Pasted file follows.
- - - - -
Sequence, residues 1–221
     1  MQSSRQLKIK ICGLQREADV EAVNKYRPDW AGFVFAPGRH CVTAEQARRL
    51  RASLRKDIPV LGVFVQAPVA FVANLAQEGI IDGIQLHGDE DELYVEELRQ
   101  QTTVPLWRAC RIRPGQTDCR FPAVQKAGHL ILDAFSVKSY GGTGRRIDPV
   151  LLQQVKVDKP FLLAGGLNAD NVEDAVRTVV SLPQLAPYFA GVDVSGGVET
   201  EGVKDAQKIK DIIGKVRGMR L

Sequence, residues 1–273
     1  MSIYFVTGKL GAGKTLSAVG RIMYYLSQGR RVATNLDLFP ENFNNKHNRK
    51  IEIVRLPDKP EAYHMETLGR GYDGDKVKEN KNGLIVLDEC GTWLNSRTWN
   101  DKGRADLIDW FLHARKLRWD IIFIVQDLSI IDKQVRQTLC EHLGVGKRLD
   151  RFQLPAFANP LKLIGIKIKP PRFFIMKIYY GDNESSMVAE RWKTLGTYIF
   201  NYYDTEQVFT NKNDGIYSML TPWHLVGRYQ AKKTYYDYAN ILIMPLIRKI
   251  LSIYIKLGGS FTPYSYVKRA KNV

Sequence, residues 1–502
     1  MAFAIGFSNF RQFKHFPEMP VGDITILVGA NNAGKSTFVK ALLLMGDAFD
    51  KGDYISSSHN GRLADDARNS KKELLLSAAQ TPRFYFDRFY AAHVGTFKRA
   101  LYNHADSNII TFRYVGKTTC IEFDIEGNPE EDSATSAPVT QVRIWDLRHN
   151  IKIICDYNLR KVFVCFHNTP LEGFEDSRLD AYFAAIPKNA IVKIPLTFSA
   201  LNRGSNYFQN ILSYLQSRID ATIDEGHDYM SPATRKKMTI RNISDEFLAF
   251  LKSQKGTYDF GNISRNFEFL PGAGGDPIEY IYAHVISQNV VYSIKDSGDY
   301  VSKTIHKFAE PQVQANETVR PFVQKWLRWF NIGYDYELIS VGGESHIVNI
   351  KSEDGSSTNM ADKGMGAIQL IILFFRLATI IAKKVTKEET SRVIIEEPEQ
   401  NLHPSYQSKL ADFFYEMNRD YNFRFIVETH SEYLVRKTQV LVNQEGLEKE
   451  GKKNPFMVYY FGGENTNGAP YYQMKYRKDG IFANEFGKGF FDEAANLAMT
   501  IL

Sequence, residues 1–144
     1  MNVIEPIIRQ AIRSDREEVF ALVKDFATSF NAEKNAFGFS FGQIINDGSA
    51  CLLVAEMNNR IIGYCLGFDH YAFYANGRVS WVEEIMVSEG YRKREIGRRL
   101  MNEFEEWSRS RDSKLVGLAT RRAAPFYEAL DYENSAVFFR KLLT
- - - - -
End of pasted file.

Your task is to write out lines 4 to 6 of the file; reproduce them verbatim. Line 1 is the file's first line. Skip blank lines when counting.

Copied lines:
   101  QTTVPLWRAC RIRPGQTDCR FPAVQKAGHL ILDAFSVKSY GGTGRRIDPV
   151  LLQQVKVDKP FLLAGGLNAD NVEDAVRTVV SLPQLAPYFA GVDVSGGVET
   201  EGVKDAQKIK DIIGKVRGMR L